THOUSANDS of reggae enthusiasts descended at Kimisagara’s Maison des Jeunes, on November 13, for a Reggae concert dubbed ‘Jahcoustix, Jamal and Friends.’
Even the cold weather conditions did not deter large crowds from flocking the venue. Goethe-Institut, the organisers and sponsors of the concert, won the plaudits of reggae fans for hosting the concert that featured local, regional and international stars.
The artiste of the moment, Jahcoustix, told a news conference that the tour was for his musical memory lane.
“Reggae music has inspired me enormously throughout my career. Since I was young, I loved Reggae because it sends a powerful message. It brings people together,” Jahcoustix said.
He told journalists that he was curious to visit Rwanda.
“When I was in Kenya, I heard that the genocide was happening in Rwanda, and of course everyone was shocked to hear about what was going on at the time,” Jahcoustix recounted.
“So visiting Rwanda for the first time, I didn’t know what to expect. I was very anxious, curious and opened minded. Though, I didn’t have enough time to know much about the country, the impression I got was really…really positive!” he noted.
He continued: “We received a very warm welcome and the show was truly amazing. The performance with local musicians was great, and everyone was so happy.”
The Munich-based artiste added: “Kigali is a very beautiful city. Everything is very clean and well structured. That impressed me very much. And the people we met were very humble and open.”
So far, Jahcoustix and his crew have performed in Uganda, Rwanda and Burundi and Kenya. Their next destinations will be Ethiopia, Djibouti and Mozambique.
“I am going back home full of experience and new inspirations because everywhere I go, I learn new things,” he said.
The star, whose real name is Dominik Hass, thrilled fans with a massive eight-song one hour performance, including rousing renditions of Crossroads’, ‘Another Day’ and ‘Hot Stone’.
To ensure the audience went home in good spirits, Jahcoustix attempted a few words in Kinyarwanda, such as Muraho (hello), Ndabakunda (I love you) and Ndishimye kubandihano (I am glad to be here) –before finally ending the show with a medley of his tracks.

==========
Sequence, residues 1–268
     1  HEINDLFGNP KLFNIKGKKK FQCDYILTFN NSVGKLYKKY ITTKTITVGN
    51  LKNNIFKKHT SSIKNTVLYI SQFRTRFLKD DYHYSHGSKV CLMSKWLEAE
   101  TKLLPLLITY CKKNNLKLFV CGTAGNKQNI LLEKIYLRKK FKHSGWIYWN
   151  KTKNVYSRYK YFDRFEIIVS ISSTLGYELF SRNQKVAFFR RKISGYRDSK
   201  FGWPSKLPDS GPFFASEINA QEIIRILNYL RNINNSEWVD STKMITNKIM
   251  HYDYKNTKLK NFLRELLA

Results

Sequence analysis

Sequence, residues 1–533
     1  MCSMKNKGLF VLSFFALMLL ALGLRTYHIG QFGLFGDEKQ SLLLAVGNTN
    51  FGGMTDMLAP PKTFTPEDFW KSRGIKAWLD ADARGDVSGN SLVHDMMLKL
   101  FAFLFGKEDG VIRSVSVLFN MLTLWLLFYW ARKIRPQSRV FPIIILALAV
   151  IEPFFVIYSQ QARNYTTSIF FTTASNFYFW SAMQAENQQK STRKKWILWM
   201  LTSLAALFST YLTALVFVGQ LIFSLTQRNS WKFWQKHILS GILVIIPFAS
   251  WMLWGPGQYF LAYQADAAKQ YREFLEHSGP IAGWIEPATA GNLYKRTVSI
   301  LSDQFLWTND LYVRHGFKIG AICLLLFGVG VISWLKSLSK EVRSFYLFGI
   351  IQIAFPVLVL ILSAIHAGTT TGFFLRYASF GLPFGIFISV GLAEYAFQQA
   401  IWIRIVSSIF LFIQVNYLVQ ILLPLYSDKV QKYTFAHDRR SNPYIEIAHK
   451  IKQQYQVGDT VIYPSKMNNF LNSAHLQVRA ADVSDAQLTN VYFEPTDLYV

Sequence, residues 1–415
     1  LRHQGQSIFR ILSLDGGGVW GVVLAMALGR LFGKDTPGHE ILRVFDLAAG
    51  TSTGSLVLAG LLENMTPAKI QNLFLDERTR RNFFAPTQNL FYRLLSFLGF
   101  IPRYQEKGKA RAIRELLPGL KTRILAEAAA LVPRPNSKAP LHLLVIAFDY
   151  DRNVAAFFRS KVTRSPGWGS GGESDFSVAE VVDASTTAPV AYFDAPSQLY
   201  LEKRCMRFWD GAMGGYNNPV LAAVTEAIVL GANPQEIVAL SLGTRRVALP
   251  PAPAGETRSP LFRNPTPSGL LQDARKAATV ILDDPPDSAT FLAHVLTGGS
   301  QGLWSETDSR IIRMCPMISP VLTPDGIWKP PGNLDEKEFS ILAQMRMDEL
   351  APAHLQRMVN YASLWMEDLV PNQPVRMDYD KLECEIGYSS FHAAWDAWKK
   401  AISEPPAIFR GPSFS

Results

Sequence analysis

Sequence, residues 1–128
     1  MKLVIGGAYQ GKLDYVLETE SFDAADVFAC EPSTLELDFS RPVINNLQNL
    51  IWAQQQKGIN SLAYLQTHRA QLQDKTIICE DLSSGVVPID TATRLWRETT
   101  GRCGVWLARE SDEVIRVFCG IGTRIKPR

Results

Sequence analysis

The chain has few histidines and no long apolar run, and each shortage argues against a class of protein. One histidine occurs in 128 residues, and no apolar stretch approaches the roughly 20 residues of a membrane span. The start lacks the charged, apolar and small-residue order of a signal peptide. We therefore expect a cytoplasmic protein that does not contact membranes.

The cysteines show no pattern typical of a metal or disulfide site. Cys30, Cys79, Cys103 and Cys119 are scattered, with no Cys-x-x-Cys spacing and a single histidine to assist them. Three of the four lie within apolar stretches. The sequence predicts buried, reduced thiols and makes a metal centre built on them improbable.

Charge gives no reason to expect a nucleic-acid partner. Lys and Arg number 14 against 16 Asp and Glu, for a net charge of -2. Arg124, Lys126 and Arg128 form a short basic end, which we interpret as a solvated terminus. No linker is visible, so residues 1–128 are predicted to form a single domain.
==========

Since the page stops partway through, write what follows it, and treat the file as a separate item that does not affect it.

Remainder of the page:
Jamal Wasswa performed his famous Oba Wuwo, Anavaawa, and Bazira tracks, but he impressed only a few due to difficulties with his voice.
Natty Dread, Holy Jah Doves, Kids Voice and Jack Chandiru did a great job on stage as they kept fans on their feet.
“Although I’ve highly enjoyed other concerts, this one was remarkably beautiful. The refined live performances and the energy on stage were utterly amazing,” Alex Gatera said.
Natty Dread said: “We have had reggae artistes from Africa, such as Alpha Blondy and the late Lucky Dube. But, we had never had anyone from Europe, or America.”
“People enjoyed Jahcoustix’s performance and acts from all the artistes. Generally, this was the best concert of the year,” he noted.
Natty warned artistes from miming and copying other artistes’ songs while commending Kids Voice band for their live performances.
He appealed to the Ministry of Youth, Sports and Culture to offer more musical instruments and venues where artistes can learn and nurture their musical talents from.
Verena Passing-Oulaï, the Director of Goethe-Institut in Kigali, said that the concert was free to the public, but mainly to the young population.
“Each year, all directors meet in Johannesburg and we discuss and decide on the musical tour to host. This year, we decided to have reggae because we promote all kinds of music, including Classic, Blues, Jazz and Reggae,” Passing-Oulai explained.
Goethe Institut also worked with Jahcoustix in 2009 during his West African tour.